Humans have been telling stories for all of our existence; today, many creatives tell stories through movies and film.
What often starts as a hobby can quickly become a lifelong passion, especially as technology becomes more accessible. If you’re a new filmmaker, check out these tips to help you get started:
1. Invest in Versatile Tech
Film equipment is expensive—but it’s an investment. You want good quality equipment that will perform well and last a long time. But, as anyone who’s ever ventured into film production knows, projects can take you to unexpected places. Be sure the equipment you’re investing in is versatile enough to meet your needs, whatever they are—you don’t want your equipment to set limitations on your project before the camera starts to roll.
Nowadays, technology is pushing to be smaller, more powerful, and more portable. That goes for cameras, sound equipment, lighting, and even generators to power your equipment. Most smartphone cameras are seriously high quality, and some major filmmakers got their start filming with their phones. Portable power is also a necessity if you like to film on location in remote areas. Small and lightweight generators and power stations let you power whatever equipment you need wherever your film takes you.
2. Sometimes Less Is More
It can be easy to get stuck thinking your project needs more, bigger, and better. As an artist, you want to showcase your abilities: edgy shots, punchy scripts, dramatic lighting. But with all these extra bells and whistles, it’s easy to end up with an overpacked piece that’s lost your original vision.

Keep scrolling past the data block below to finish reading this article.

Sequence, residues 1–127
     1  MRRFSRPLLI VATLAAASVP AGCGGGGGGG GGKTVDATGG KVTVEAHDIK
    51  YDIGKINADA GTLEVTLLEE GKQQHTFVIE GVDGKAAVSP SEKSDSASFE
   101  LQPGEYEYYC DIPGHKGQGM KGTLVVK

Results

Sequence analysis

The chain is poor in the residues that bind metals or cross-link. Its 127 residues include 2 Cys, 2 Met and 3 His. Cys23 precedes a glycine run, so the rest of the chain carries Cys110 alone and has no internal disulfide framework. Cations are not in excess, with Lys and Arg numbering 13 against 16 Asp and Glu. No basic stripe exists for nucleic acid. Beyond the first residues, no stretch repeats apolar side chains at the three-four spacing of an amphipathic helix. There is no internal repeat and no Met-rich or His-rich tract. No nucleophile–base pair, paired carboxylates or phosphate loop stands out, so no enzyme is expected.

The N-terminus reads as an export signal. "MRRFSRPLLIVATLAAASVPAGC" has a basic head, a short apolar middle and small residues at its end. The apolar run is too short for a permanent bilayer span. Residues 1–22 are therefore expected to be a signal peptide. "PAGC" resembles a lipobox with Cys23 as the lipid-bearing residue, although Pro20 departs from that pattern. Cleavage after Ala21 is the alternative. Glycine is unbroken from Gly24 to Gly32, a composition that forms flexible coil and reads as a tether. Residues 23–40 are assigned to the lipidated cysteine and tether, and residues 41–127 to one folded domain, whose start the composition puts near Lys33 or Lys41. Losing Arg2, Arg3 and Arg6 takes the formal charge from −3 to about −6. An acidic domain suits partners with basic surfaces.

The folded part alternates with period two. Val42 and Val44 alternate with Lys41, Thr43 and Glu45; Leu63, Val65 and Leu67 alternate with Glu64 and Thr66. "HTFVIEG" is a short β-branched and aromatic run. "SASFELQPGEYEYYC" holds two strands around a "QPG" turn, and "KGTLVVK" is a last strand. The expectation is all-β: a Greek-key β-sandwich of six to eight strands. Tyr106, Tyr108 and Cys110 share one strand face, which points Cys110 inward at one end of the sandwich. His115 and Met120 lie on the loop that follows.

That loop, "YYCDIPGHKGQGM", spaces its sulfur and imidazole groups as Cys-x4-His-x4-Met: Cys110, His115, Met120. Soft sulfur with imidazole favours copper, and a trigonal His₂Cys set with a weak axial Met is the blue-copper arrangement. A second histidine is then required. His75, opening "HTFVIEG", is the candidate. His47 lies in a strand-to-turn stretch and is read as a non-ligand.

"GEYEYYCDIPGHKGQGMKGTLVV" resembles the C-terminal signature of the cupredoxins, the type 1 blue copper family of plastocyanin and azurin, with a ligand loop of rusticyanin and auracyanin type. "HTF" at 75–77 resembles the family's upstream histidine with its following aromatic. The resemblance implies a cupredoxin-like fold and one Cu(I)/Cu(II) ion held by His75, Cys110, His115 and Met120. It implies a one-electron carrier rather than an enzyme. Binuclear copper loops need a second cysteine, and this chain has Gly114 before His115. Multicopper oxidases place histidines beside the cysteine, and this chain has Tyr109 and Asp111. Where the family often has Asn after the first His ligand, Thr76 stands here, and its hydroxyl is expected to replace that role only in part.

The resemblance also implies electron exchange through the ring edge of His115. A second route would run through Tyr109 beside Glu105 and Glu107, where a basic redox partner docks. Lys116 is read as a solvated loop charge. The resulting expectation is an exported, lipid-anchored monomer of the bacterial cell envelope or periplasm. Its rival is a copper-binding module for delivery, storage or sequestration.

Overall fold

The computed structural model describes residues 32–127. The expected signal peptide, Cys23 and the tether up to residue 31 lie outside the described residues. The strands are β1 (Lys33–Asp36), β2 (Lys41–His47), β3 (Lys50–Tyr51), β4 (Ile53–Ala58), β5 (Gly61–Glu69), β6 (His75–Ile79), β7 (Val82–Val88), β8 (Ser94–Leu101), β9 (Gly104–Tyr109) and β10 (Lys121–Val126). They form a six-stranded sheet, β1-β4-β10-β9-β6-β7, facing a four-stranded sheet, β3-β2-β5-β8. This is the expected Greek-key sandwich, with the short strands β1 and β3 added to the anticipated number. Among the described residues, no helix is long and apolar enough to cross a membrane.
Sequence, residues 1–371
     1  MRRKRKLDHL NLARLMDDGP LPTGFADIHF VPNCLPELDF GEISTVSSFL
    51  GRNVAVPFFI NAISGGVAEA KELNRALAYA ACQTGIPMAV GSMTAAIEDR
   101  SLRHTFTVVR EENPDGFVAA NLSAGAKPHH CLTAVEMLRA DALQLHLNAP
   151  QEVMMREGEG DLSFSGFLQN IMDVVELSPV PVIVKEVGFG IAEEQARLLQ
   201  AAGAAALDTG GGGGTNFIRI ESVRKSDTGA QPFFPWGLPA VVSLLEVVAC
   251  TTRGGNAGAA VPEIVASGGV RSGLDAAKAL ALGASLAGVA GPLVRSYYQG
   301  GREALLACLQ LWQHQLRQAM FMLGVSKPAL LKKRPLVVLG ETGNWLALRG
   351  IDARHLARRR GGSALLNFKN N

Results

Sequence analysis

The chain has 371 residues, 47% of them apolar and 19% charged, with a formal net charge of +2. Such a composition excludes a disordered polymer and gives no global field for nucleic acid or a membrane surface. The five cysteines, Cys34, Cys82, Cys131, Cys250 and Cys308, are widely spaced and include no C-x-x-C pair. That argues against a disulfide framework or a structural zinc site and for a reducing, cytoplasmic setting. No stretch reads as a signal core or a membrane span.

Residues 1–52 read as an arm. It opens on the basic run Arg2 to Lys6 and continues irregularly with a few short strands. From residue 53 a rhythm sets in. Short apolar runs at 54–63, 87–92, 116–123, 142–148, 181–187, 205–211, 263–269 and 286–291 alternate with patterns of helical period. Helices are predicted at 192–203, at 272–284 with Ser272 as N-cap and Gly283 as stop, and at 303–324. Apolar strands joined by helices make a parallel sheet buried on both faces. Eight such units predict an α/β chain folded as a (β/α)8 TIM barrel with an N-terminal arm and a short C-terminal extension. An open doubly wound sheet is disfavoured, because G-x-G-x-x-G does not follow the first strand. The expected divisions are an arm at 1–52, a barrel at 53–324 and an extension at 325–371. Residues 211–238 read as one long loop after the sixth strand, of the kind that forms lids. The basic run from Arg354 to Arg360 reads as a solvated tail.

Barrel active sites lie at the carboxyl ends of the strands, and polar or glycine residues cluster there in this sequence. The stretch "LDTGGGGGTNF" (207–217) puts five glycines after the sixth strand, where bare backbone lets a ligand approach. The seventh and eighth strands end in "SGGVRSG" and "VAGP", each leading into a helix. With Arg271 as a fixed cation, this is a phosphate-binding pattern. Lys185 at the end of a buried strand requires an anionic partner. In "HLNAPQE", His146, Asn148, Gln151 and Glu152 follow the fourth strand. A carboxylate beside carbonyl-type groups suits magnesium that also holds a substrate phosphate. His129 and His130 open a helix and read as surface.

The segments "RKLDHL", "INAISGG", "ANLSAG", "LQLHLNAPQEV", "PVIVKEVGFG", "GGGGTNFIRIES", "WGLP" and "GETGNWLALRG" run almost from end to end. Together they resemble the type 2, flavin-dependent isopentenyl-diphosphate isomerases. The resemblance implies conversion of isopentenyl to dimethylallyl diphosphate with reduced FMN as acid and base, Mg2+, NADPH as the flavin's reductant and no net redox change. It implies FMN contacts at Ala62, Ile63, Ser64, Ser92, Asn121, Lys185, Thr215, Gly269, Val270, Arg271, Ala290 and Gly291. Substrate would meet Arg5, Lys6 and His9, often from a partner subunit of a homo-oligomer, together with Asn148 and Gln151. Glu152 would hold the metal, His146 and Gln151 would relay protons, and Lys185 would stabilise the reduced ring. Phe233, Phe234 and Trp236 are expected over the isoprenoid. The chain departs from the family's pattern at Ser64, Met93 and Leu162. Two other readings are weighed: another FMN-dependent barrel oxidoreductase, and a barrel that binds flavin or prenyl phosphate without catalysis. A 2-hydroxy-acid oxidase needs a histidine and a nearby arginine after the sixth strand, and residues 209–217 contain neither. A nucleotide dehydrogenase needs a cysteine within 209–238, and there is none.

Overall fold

Many people find success when they pick one or two areas to focus on, like prioritising storytelling or choreographing exciting action sequences. The auteur directors like Hitchcock or Welles, who have become household names, didn’t get there because they excelled in every aspect of filmmaking—they got there by having a distinct style in a few key areas that allowed them to create a unifying signature for all their films. Whatever key elements you choose, ensure they mesh with the overall direction of the piece.
3. Think Outside the Box
This one almost goes without saying—“outside the box” is the heart and soul of indie movies. But this applies beyond the writing. Camera, lighting, audio, and editing technology have become more advanced and accessible than ever, which means more choices for you as a creator.
A single smartphone can do the work of several traditional pieces of equipment. There is also a lot of decent editing software available for free or low cost, with lots of technical support from online communities. You don’t have to have a massive budget or the fanciest equipment to make something wonderful.
Find What Speaks to You and Others
Being an independent film allows greater creative freedom. The best indie films depict the intersection of the artist and the viewer—they show where the creator and audience find common ground without losing the aspects that make them unique. You can get there, too, by knowing which tech to invest in, what makes your style distinct, and how to think outside the box for filming, editing, and producing.